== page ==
Feeds

Tape business shows steep decline

Heading for irrelevance?

Next gen security for virtualised datacentres

The tape drive and media business shrank by a quarter in 2009. At this rate it could enter irrelevance in a few years time.

Tape market tracking organisation the Santa Clara Consulting Group said (pdf) tape drive and media sales represented a $1.58bn market in 2009, down 25 per cent from $2.1bn in 2008, which was lower than the $2.28bn reported in 2007. We (El Reg), charted the effect of a continuing decline at this 25 per cent rate.

Register Tape Market forecast at 25 per cent annual decline

Register chart showing tape market decline at 25 per cent annual shrinkage.

Drives accounted for $629.28m and media for $955.53m of the revenue. LTO format products accounted for the majority of the 2009 business; its drives represented 83.3 per cent of drive revenue, with HP accounting for 51.1 per cent of that.

HP also sold the most LTO media at 31.24 per cent, with Fuji second at 12.7 per cent.

DDS/DAT drive sales amounted to $114.25m, down 31 per cent from the $165.37m total in 2008, representing just seven per cent of the total back-up technology market. DAT media accounted for $44.55m, with drives representing $69.7m. HP had more than half of the DAT media sales. The new DAT-160 format gained traction but with this rate of overall DDS/DAT market decline there's less and less chance of a DAT-320 format arriving.

Removable disk drive and dock sales are rising as ProStor's RDX format becomes more popular and its faster backup and restore speeds resonate well with small business customers less and less willing to wait while slow tape drives backup their data.

Quantum's DLT-V format drive and media unit sales were both off. The drives had sales of a near-trivial $3.95m in 2009 and media accounted for just $22.7m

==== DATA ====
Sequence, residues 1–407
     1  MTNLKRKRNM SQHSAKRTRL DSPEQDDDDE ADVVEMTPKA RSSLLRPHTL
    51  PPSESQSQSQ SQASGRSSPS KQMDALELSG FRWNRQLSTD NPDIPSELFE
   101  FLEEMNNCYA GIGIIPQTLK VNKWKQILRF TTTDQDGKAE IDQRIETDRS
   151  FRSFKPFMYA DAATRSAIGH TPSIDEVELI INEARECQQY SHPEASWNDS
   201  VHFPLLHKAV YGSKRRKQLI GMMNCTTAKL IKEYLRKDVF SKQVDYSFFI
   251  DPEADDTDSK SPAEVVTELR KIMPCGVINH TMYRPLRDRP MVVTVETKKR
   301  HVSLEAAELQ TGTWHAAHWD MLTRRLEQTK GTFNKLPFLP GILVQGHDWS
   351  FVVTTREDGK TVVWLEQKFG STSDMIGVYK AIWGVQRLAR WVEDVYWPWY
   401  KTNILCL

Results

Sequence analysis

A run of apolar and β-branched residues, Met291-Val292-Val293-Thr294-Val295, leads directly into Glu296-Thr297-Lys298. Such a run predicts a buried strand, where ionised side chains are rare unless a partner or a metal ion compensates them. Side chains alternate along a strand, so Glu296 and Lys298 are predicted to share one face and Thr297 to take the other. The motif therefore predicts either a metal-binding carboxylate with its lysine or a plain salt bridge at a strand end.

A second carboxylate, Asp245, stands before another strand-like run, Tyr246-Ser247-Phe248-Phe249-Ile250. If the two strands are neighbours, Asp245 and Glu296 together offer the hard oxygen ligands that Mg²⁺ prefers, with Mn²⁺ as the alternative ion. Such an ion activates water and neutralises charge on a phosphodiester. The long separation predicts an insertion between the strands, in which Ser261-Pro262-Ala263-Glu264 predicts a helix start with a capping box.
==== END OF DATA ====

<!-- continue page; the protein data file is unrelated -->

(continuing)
LTO drives and media have the best outlook: LTO drive sales are expected to grow at a compound annual growth rate (CAGR) of 2.47 per cent from 2009 to 2014, with the media not actually growing, but declining least compared to other media formats at a CAGR of -2.21 per cent.

The recession no doubt contributed to the fall in tape drive and media sales from 2008 to 2009 but the changeover to disk-to-disk backup has to be the main reason for tape revenues to be falling so precipitously. A continued overall 25 per cent decline will see the tape market drop below $500m revenues in just four years. At that point virtually every format will be in maintenance mode. ®

The essential guide to IT transformation

More from The Register

next story
The Return of BSOD: Does ANYONE trust Microsoft patches?
Sysadmins, you're either fighting fires or seen as incompetents now
Microsoft: Azure isn't ready for biz-critical apps … yet
Microsoft will move its own IT to the cloud to avoid $200m server bill
Death by 1,000 cuts: Mainstream storage array suppliers are bleeding
Cloud, all-flash kit, object storage slicing away at titans of storage
US regulators OK sale of IBM's x86 server biz to Lenovo
Now all that remains is for gov't offices to ban the boxes
Oracle reveals 32-core, 10 BEEELLION-transistor SPARC M7
New chip scales to 1024 cores, 8192 threads 64 TB RAM, at speeds over 3.6GHz
VMware vaporises vCHS hybrid cloud service
AnD yEt mOre cRazy cAps to dEal wIth
prev story

Whitepapers

Implementing global e-invoicing with guaranteed legal certainty
Explaining the role local tax compliance plays in successful supply chain management and e-business and how leading global brands are addressing this.
7 Elements of Radically Simple OS Migration
Avoid the typical headaches of OS migration during your next project by learning about 7 elements of radically simple OS migration.
BYOD's dark side: Data protection
An endpoint data protection solution that adds value to the user and the organization so it can protect itself from data loss as well as leverage corporate data.
Consolidation: The Foundation for IT Business Transformation
In this whitepaper learn how effective consolidation of IT and business resources can enable multiple, meaningful business benefits.
High Performance for All
While HPC is not new, it has traditionally been seen as a specialist area – is it now geared up to meet more mainstream requirements?